As Yum Brands looks to triple its store footprint in China and revive flagging growth there, it faces a hurdle with one of its traditional growth drivers: the country’s underdeveloped franchise market.
The parent of KFC, Pizza Hut and Taco Bell said this week it will spin off its dominant China business, where it aims to grow its restaurant count to 20,000 and bring in more franchise partners. Nine in 10 Yum stores worldwide are franchised.
China’s franchise market, however, has been held back by food safety worries, opaque supply chains and a lack of reliable partners, meaning companies often resort to managing stores directly. This gives them more oversight, but it raises costs and potentially slows expansion.
“Franchising has always been seen as a more iffy proposition here,” said James Roy, Shanghai-based associate principal at China Market Research, pointing to a lack of large-scale partners, intellectual property risks and food safety fears.
Only 7% of Yum’s 6,900 China stores are operated as a franchise versus 91% outside China. Rival McDonald’s Corp franchises around 15% of its China outlets versus more than 80% globally.
Yum wants to raise its franchises to one in 10 of its China outlets this year. Decisions thereafter will be left up to the spun-off China unit. McDonald’s is moving in the same direction, and said recently it was looking for a buyer for its 400-plus Taiwan outlets.
Franchising has long been a tool to accelerate expansion. In Yum’s 2014 annual report, CEO Greg Creed wrote the firm had “the franchise capability necessary to facilitate growth.”
While the franchise model works well in developed markets, where reliable supply chains ensure food quality, it has less of a track record in China, a vast emerging market where Yum is expanding at break-neck speed and where close control of supply chains is vital for success.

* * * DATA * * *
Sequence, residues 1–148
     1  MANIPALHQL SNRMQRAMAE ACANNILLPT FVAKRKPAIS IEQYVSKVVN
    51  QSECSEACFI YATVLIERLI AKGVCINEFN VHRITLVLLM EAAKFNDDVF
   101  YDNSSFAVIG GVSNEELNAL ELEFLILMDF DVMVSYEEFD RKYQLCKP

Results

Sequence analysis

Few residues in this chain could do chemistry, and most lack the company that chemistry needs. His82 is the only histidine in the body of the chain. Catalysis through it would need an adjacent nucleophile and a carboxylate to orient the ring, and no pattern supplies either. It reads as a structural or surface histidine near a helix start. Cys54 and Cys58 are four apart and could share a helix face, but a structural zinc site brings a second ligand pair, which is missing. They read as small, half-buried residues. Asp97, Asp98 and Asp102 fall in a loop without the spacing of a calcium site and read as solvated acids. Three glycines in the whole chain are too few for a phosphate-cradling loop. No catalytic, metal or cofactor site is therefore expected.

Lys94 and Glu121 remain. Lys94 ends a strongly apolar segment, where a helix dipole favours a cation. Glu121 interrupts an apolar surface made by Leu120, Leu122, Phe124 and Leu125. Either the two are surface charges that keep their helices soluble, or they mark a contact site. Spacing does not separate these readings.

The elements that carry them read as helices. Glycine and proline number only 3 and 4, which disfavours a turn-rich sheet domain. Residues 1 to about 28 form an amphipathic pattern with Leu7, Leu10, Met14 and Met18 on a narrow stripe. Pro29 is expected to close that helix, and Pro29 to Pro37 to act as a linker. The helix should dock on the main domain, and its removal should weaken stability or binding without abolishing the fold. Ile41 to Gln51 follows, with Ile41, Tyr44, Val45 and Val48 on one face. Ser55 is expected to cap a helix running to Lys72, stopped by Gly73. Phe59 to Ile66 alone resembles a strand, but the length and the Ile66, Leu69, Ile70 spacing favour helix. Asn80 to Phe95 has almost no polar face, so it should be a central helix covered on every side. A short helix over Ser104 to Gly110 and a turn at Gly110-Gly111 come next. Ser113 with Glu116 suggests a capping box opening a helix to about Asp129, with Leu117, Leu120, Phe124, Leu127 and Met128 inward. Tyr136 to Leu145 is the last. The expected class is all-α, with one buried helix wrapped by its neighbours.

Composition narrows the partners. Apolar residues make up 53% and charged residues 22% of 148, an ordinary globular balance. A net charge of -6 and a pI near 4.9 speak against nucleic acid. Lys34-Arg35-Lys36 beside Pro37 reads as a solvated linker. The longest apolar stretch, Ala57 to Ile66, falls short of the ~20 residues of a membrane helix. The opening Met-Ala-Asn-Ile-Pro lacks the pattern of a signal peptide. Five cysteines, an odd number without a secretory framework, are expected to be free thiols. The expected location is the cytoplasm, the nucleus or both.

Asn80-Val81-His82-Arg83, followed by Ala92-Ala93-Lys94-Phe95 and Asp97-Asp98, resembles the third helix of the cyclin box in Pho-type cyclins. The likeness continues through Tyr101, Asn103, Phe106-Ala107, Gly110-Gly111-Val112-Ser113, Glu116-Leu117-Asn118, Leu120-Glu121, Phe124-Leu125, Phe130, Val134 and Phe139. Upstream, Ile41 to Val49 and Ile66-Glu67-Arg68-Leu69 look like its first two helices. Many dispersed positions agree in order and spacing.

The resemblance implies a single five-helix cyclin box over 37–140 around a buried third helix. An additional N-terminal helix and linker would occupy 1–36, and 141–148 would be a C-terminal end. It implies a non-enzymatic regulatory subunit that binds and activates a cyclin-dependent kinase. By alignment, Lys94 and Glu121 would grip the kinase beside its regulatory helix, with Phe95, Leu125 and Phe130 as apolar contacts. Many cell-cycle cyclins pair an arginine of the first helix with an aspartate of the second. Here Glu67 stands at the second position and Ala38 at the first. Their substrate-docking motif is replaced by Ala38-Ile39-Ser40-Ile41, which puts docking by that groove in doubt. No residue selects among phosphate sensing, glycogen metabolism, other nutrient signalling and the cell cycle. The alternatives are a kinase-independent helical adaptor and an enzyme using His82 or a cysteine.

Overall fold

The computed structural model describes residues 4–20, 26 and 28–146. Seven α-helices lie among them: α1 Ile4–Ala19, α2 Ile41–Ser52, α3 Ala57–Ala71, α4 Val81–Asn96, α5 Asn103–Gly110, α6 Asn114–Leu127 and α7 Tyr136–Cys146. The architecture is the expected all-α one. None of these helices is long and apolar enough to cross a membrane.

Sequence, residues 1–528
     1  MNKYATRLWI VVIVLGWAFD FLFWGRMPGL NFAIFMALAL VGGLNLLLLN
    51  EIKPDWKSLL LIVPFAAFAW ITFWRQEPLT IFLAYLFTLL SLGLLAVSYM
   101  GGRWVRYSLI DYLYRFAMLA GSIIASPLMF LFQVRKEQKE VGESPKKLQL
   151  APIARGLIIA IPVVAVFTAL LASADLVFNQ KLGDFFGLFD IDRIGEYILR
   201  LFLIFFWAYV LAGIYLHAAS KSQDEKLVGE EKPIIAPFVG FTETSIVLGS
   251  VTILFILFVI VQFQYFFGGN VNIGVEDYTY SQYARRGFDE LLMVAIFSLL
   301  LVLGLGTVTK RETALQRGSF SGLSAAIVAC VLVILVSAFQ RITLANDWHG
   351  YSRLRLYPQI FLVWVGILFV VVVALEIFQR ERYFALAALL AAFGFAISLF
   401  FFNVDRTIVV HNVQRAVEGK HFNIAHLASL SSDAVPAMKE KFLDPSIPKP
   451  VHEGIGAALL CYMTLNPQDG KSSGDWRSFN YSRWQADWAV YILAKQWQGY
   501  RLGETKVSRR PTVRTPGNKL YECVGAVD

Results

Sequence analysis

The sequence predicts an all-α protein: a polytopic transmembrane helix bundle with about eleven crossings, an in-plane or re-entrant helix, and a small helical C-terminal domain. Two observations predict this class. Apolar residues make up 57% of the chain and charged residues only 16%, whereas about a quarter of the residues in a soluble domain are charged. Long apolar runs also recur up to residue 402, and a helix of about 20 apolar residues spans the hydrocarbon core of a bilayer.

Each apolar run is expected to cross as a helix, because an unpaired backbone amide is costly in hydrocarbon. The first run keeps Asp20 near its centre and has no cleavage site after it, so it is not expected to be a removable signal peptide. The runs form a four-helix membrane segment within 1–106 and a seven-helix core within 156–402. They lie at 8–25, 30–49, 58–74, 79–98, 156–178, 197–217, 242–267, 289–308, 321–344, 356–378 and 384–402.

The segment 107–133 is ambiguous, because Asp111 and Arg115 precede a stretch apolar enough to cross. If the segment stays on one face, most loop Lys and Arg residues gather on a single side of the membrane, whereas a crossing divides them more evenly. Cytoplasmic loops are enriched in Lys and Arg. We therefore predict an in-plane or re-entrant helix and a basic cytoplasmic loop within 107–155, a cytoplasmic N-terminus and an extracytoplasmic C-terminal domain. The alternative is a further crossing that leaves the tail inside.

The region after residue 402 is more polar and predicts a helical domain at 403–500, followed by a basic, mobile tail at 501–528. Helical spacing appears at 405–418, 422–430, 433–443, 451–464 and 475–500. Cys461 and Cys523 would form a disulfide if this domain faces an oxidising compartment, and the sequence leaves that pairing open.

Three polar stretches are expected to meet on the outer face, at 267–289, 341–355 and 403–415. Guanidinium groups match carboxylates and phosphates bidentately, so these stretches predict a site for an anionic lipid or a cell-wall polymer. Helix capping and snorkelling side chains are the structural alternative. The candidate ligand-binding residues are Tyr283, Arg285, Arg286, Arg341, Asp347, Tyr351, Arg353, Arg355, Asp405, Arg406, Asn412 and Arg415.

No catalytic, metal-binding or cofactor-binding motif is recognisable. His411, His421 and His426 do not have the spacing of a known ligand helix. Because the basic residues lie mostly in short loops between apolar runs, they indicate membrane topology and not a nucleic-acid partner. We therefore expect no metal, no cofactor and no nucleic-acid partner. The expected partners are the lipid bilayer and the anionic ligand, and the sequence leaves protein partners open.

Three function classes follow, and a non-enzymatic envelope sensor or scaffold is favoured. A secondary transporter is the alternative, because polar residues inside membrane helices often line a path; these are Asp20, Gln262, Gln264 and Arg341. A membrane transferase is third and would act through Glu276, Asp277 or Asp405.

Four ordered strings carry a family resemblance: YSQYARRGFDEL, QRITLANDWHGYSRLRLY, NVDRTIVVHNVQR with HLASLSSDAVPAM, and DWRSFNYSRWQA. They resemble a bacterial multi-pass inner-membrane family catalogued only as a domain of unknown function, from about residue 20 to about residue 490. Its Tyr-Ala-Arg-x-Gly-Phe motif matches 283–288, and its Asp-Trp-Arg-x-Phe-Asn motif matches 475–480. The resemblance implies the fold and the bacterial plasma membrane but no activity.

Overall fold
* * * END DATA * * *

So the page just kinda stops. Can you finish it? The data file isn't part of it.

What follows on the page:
“We have not been approached by Yum to help them expand in mainland China. Even if we had, we would be very cautious. We don’t have the resources and capability,” said a senior executive at Taiwan’s Uni-President China Holdings, who didn’t want to be named.
He noted China is a “tough market” with a focus on food safety, fast rising wages and steep rental costs.
Picking the right partners will be key for Yum to navigate through its toughest period yet in China, where it has been hit by damaging food safety scares, slowing economic growth, rising competition from local rivals and its own marketing blunders.
“There’s no lack of Chinese entrepreneurs willing to invest in a franchised store, but few are competent to manage it,” the US Department of Commerce has warned American firms.
This might mean Yum will need to scout beyond mainland China. It already has ties with Jardine Matheson Holdings, which runs franchises for Pizza Hut and KFC in Hong Kong, Macau and Taiwan.
Other potential partners could include Uni-President; Singapore’s BreadTalk Group, which operates Carl’s Jr outlets in China; and China F&B Group, which has links with Papa John’s International and Berkshire Hathaway’s ice cream outlet Dairy Queen.
Locally, Beijing Hualian and China Resources Corp help run outlets for international brands.
Or, says Bernstein analyst Sara Senatore, Yum could opt to go it alone. “China still generates plenty of cash and its brand and supply chain have a very broad reach. So from a practical standpoint, it doesn’t need franchisees to expand,” she said.
Coffee giant Starbucks Corp has reduced its reliance on franchised stores in China, now directly managing around 60% of its outlets compared to just 11.5% a decade ago. The balance for Yum to consider is: would the pace of growth be worth the risk of losing control over food safety – a sensitive issue for Chinese diners fed on a diet of horror stories from recycled “gutter oil” to decades-old “zombie meat”.
“If there were any question marks at all over the integrity or trust of the franchise partner, it would make me even more worried than now,” said Li Mengxin, a 22-year-old student in Shanghai.
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